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Were-words 1:
Phenotype or Anima?

By Lynna Landstreet/Lynx Canadensis.
Posted to alt.horror.werewolves on Sun, Sep 12, 1999.

In article<37db4d84.120892653@>, pinky@were.net wrote:

> Hrm, well, Therianthropy isn't in the dictionary, correct. However,
> the word "Therianthropic" is. According to "New Webster's Dictionary"
> (copyright 1993): "Therianthropic adj half human and half animal ||
> relating to belief in or worship of such beings [fr Gr therion, beast
> + anthropos, man]"

The word "therianthropy" is also used in Adam Douglas's book The Beast Within: Man, Myths & Werewolves, which was written in 1992. He mentions it briefly as a more etymologically correct alternate to "lycanthropy" when referring to shapeshifting into non-lupine forms.

Personally, although I am fascinated by etymology and enjoy using the dictionary to track the origins of words, I am not troubled by encountering words that aren't found in the dictionary, or are used contextually in a different sense that given in the dictionary definition(s).

Considering how heavily influenced by postmodernism my graduate program is, half the words I come across in articles from academic journals either don't occur in the dictionary, or are being used completely differently than the dictionary definition would suggest. Try using a dictionary to make sense of Donna Haraway's writing and you will quickly see what I mean... :-)

> I prefer the word "animality" or "WereSide" (wereside = the side of
> you that makes you a were, aka, the animal side). I myself don't like the
> word Phenotype, it really IS a misnomer.

I agree. I don't know who coined it in this context or why, but I think there are better choices available. Here's my suggestion, and backed by a dictionary definition no less (Merriam Webster's Collegiate Dictionary, 10th edition):

anima (n) [NL, fr. L, soul] (1923) An individual's true inner self that in the analytic psychology of C. G. Jung reflects archetypal ideals of conduct; also: an inner feminine part of the male personality - compare animus, persona.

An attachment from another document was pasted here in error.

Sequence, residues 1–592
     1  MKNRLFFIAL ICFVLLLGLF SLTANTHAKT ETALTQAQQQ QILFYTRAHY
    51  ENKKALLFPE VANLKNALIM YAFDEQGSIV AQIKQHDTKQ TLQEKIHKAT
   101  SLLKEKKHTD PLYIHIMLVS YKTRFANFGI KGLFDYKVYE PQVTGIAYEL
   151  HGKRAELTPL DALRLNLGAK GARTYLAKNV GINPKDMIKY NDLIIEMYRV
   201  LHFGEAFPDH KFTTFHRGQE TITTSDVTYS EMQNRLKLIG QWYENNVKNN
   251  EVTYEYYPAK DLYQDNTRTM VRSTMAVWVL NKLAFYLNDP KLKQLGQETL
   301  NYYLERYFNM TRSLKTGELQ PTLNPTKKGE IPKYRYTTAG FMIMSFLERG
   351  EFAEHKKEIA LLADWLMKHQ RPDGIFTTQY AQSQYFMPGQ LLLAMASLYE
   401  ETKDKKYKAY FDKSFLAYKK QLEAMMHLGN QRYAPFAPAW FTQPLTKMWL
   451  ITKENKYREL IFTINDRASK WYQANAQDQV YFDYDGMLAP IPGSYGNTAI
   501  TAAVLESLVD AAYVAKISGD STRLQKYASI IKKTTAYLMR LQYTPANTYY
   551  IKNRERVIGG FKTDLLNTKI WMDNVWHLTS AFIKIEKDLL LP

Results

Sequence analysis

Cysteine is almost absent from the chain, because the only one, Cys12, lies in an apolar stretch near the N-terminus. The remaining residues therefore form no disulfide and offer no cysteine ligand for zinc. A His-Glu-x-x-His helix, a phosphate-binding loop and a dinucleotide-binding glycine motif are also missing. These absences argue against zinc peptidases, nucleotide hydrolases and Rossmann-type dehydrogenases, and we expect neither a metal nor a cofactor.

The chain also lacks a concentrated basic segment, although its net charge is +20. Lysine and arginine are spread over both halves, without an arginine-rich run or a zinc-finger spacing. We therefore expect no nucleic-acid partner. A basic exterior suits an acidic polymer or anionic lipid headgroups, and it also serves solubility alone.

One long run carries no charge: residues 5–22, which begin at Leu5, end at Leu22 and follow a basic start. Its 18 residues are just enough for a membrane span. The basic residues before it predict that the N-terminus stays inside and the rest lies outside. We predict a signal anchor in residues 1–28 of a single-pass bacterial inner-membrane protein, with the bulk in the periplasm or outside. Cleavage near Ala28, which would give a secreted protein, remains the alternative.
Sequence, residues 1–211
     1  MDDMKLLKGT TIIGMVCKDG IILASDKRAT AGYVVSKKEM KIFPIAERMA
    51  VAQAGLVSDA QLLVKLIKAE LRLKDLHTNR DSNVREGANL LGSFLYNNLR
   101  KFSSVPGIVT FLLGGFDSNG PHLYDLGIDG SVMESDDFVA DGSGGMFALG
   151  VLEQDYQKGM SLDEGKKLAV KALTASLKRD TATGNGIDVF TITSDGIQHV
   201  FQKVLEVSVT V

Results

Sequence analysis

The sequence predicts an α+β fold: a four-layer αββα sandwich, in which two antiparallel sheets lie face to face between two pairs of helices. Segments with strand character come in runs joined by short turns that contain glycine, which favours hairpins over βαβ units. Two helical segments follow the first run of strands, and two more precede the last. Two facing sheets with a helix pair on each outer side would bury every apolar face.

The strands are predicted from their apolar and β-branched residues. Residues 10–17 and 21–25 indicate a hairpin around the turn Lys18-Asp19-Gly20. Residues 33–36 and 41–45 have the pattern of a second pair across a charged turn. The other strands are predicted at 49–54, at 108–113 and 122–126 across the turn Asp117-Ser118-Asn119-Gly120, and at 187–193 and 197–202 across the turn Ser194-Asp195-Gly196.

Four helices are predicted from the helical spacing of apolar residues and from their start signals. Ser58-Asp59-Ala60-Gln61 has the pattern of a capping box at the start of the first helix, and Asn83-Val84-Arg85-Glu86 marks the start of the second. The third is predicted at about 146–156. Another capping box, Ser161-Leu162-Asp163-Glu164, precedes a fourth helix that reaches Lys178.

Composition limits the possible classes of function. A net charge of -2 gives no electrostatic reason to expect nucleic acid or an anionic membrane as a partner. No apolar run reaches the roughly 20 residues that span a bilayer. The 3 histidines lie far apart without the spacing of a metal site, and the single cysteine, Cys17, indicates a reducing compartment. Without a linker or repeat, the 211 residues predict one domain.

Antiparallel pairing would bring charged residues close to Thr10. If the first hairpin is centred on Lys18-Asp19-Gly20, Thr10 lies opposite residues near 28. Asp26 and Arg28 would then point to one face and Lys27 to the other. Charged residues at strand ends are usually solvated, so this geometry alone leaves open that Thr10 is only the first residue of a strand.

Most people are more familiar with the latter definition, since it has infiltrated its way further into pop culture, but the former is really more central. I think that "anima" is a better choice than "animus", regardless of gender, because the non-gender-based meanings of the latter are less appropriate:

animus (n) [L, spirit, mind, courage, anger] (1816) 1: basic attitude or governing spirit: disposition, intention. 2: a usu. prejudiced and often spiteful or malevolent ill will. 3. an inner masculine part of the female personality in the analytic psychology of C. G. Jung - compare anima.

Definition 1 is not bad, though I think not as evocative as the primary meaning of anima. Definition 3, like the secondary meaning of anima, is simply irrelevant, and definition 2, which provides the basis for the word "animosity", is obviously undesirable; I will refrain from commenting on its possible relevance to certain aspects of Usenet behavior. :-)

Lynx Canadensis
(a.k.a. Lynna Landstreet)

(Update [January 20, 2005]: In the years since I originally posted this to the alt.horror.werewolves newsgroup, the word "phenotype", as used to indicate the type of animal someone identifies with, seems to be falling out of favour as more people become aware of the original biological meaning of that term. A newly coined word, "theriotype", seems to be displacing it, which while perhaps not as evocative as some of the suggestions above, at least means exactly what it should: beast-type.)


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